Financial stress can have a direct negative impact on a person's health and happiness. Unfortunately, this may lead to a downward spiral. The more stress you're feeling, the larger your financial hurdles may seem, and the more you may rely on unhealthy stress-reducing habits. Fortunately, there are steps you may be able to take to improve your financial situation and help manage money-related stress. Below are five habits you may wish to adopt to work toward financial wellness.
Set a Spending Plan
For many, the word "budget" is tantamount to the word "diet" and may imply everything from deprivation to falling short of unattainable goals. Facing the cold hard numbers, whether on a scale or in your bank account, may be a scary prospect. Instead, think of a budget as a spending plan and you may work to set realistic goals, allocate your money, and assess where you stand.
There's no one-size-fits-all rule for spending plans, though all should take factors into account like your age, income, earning power, expenses, and future housing and family plans. A spending plan for a single person in their late 20s in heavy debt paydown mode may look different from one for a couple in their late 40s with several teenage children. But once your spending plan is in place, it may continue to be modified and adapted to work with changing circumstances.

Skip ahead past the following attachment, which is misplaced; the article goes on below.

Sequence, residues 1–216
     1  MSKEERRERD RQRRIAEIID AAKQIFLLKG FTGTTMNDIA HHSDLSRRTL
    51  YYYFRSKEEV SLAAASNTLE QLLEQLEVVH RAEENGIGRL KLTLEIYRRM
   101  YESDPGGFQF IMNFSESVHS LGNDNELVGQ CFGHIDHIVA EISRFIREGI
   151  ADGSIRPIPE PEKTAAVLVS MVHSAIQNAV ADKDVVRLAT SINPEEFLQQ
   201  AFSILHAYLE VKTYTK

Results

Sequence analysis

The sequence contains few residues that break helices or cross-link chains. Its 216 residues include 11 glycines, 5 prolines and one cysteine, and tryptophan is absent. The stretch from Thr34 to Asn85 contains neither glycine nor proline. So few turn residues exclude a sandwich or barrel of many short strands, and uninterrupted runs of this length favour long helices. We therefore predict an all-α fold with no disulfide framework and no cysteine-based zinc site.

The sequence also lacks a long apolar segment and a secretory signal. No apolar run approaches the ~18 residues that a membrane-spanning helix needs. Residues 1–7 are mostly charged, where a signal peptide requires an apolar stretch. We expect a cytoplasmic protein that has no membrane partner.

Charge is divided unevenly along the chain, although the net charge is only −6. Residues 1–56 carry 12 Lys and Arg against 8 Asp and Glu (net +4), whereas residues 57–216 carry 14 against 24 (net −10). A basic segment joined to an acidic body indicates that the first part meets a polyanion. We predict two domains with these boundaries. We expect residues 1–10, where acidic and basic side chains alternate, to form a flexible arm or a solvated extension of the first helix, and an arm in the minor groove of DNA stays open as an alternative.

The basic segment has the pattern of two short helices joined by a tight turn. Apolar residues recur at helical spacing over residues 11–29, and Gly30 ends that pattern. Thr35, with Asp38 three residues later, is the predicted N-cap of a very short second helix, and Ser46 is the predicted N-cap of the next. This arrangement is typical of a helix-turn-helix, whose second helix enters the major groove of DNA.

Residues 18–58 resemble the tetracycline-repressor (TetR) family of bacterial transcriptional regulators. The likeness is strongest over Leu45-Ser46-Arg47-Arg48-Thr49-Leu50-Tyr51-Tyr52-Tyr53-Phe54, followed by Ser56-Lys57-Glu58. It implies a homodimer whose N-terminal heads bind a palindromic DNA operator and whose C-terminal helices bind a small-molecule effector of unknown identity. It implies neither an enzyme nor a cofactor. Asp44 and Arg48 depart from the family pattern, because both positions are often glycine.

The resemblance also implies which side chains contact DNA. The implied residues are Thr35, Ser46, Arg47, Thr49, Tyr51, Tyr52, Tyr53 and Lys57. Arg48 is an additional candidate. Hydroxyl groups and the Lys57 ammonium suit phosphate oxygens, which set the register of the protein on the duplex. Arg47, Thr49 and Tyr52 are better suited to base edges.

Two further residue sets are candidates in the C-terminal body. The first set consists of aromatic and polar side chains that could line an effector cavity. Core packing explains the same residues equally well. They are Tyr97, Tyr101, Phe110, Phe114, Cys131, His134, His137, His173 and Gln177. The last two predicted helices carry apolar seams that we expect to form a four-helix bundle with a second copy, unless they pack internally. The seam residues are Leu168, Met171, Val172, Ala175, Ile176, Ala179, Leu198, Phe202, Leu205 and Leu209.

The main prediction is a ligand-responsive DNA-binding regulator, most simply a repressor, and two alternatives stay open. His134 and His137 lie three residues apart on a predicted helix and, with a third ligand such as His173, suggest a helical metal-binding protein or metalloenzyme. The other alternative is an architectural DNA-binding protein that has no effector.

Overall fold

Automate Your Transactions
Taking advantage of automatic payment options may help eliminate much of the work associated with budgeting and bill paying. You may also automate your savings, whether scheduling a twice-a-month IRA contribution, putting a portion of each paycheck into a linked savings account or setting aside a monthly ACH transfer to your child's 529.
However, automated payments only work when you're organized enough (or have the extra cash flow) to ensure that there's always enough in your account to cover the withdrawals. With today's technology, it's usually simple to calendar these automatic payments when you set them up to stay on top of what's coming next.
Organize Your Financial Life
Whether you've opted to go paper-free with your finances or still maintain paper copies of bills, mortgage payments, or other records, it's important to keep these records organized and easily accessible. This may endear you to your tax preparer when Tax Day rolls around, but it may also allow you to more easily track your progress and determine your next financial steps.
Create a Long-Term Plan
Where do you see yourself financially in the next 10 years? 20? At retirement? If you've found yourself engaged in the financial equivalent of treading water for the last few years, it may be time to engage in some self-reflection on your long-term goals and priorities.
Find a Financial Professional
If you've been waiting until you feel more financially secure before making an appointment with a financial professional, you may be looking at things backward. A financial professional may help you conceptualize your goals and identify strategies to use to pursue them. Whether you need some advice on tackling debt, purchasing a house, investing for the future, paying for college, or funding long-term care in retirement, getting this advice from an experienced, trained professional may be money well spent.